McGee's snap counts have dwindled each year, from 322 in 2010 to 285 in 2011 to 145 this past season, and he ended the season on injured reserve this year with a knee injury.
While McGee excels in zone coverage, the Bills might be transitioning to a more man-coverage-oriented scheme under new defensive coordinator Mike Pettine.
Why He Might Not Be a Cap Casualty: Quite simply, the Bills do not have a lot of talent at cornerback outside of Gilmore. That being said, the Bills might be more keen on the idea of developing younger talent than trying to renew veteran talent, but the lack of depth at cornerback cannot be ignored.
Rogers and Williams have both struggled in the first two years of their careers, so no matter which direction the Bills go, it seems they'll be relying on players who have not performed up to standard of late.
2013 Cap Hit: $4,041,667
Dead Money If Cut: $1,591,667
Cap Savings If Cut: $2,450,000
Why He Might Be a Cap Casualty: For much of the second half of the season, the Bills had a rotation at strong safety with Wilson and Da'Norris Searcy. Wilson didn't get more than 75 percent of the snaps from Weeks 9 thru 15. Wilson declined to comment on the rotation when asked about it by reporters, only to say, "I wasn't banged up at all. You have to talk to the coaching staff about the rotation." (via The Buffalo News).
Why He Might Not Be a Cap Casualty: Wilson started all 16 games for the Bills, despite being in that rotation.
He may not be incredibly versatile, and he may be a liability in coverage at times, but according to ProFootballFocus.com, he graded out as the team's second-best safety and third-best overall defender.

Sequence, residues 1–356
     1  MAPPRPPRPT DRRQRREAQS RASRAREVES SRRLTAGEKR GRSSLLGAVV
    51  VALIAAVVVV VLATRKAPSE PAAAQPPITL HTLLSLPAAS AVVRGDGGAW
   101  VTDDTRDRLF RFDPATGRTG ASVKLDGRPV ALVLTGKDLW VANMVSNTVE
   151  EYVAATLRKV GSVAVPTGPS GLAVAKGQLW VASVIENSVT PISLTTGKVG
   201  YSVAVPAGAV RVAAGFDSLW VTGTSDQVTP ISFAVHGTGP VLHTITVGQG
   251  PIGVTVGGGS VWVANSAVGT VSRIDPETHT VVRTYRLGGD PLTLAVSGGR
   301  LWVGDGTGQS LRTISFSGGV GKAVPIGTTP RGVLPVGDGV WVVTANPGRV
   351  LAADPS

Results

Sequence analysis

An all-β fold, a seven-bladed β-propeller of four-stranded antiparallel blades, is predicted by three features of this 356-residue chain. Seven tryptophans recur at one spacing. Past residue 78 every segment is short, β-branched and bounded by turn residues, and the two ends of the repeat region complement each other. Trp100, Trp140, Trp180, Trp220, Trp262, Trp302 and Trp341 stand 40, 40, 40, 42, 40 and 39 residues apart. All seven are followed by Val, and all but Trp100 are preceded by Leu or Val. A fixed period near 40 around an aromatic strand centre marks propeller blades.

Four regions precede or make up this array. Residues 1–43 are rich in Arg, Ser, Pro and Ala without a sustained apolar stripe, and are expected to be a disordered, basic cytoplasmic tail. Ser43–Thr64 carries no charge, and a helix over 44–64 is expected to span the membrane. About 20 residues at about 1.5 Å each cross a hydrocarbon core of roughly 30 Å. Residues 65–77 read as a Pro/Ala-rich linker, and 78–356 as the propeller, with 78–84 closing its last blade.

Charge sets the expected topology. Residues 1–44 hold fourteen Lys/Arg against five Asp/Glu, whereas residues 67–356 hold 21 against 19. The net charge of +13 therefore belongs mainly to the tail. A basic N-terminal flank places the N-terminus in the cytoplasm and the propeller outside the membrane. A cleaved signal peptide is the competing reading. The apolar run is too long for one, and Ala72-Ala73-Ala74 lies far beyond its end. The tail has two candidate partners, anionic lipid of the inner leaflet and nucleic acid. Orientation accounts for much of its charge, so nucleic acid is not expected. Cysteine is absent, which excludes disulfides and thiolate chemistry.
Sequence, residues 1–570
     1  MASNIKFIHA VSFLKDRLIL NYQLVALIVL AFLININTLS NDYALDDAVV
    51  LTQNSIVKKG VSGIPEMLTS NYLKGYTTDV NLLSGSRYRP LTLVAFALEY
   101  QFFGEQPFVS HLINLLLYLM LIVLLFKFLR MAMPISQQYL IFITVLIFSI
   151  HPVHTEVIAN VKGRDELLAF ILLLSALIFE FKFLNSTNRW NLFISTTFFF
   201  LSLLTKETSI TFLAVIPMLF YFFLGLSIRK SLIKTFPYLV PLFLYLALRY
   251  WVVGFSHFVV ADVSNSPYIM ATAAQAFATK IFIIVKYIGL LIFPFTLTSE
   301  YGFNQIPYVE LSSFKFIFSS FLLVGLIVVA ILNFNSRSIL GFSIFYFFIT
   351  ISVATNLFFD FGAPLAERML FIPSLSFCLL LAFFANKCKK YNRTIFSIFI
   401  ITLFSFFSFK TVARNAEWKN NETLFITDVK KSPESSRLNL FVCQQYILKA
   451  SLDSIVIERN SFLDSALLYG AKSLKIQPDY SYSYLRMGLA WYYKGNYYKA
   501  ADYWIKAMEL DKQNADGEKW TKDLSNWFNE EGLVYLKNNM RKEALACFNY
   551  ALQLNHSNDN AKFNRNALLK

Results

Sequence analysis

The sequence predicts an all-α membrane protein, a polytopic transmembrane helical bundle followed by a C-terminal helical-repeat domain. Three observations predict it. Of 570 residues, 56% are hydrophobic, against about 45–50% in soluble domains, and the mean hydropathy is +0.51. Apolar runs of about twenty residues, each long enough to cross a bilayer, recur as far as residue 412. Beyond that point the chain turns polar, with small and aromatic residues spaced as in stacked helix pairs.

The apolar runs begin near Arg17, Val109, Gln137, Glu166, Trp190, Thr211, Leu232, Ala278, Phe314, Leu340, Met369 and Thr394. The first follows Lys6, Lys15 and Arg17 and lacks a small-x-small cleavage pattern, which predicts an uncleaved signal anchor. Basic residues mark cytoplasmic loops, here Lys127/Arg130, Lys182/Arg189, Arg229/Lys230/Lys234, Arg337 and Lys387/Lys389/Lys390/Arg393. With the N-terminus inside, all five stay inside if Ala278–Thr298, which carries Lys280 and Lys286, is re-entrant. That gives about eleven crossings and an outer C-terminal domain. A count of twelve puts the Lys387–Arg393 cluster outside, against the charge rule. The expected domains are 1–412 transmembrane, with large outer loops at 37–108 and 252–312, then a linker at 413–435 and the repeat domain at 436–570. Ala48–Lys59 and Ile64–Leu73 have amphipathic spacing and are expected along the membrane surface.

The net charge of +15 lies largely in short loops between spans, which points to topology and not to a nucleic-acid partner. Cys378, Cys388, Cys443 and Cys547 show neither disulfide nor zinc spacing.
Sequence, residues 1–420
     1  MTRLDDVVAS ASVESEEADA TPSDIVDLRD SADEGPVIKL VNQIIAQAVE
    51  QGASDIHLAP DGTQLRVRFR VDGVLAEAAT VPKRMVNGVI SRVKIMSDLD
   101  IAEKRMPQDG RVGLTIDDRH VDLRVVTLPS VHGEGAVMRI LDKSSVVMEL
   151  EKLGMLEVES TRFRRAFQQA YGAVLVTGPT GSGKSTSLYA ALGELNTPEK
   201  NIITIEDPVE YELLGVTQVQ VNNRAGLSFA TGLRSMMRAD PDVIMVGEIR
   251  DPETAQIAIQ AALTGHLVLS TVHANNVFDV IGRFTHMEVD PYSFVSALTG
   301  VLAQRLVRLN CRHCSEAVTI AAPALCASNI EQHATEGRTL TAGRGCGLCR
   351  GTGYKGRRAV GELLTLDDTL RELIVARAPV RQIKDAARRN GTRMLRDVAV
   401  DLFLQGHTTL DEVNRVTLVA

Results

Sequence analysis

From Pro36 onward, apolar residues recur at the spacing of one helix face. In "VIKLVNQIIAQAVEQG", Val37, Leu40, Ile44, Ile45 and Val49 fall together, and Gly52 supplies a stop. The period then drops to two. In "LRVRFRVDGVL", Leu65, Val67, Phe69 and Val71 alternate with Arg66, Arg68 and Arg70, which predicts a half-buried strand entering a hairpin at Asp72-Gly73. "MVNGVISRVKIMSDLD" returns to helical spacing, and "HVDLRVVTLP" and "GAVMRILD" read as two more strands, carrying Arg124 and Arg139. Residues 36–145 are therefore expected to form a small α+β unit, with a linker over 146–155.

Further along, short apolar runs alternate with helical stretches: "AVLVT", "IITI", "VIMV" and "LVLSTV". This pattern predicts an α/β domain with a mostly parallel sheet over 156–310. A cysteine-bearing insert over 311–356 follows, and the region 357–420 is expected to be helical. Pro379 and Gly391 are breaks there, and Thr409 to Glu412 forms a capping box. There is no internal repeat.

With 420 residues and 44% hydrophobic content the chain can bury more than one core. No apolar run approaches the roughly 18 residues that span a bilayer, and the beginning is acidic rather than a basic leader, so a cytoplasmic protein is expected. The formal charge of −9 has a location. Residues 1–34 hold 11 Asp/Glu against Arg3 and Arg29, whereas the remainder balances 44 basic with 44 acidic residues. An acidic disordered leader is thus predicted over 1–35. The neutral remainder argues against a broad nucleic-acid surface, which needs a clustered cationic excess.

There is a role for a hard-hitting in-the-box type safety in Mike Pettine's defense, and oftentimes, those guys end up being big playmakers (see Jim Leonhard, LaRon Landry).
2013 Cap Hit: $4,000,000
Dead Money If Cut: $1,000,000
Cap Savings If Cut: $3,000,000
Why He Might Be a Cap Casualty: We are now seven years into Smith's career, and he remains a man without a role.
He's not really a wide receiver, not really a quarterback, and not really a returner.
At the very least, I'm sure Bills fans would love little more than for there to be a "Wildcat casualty" this offseason.
In any event, the Bills should ponder exactly what his role is, and whether he can live up to that contract.
Why He Might Not Be a Cap Casualty: The Jets seemed to have no problem finding uses for Smith, yet two years into his time in Buffalo, his potential still hasn't been maximized in a Bills uniform.
He did finally record his first season with multiple touchdown catches, as well.
If the Bills can find a role for him that fits his bill, he might stick around. Doug Marrone ranks a lot higher on the creativity scale than Chan Gailey.
Erik Frenz is the AFC East lead blogger for Bleacher Report. Be sure to follow Erik on Twitter and "like" the AFC East blog on Facebook to keep up with all the updates. Unless otherwise specified, all quotes are obtained firsthand or via team press releases.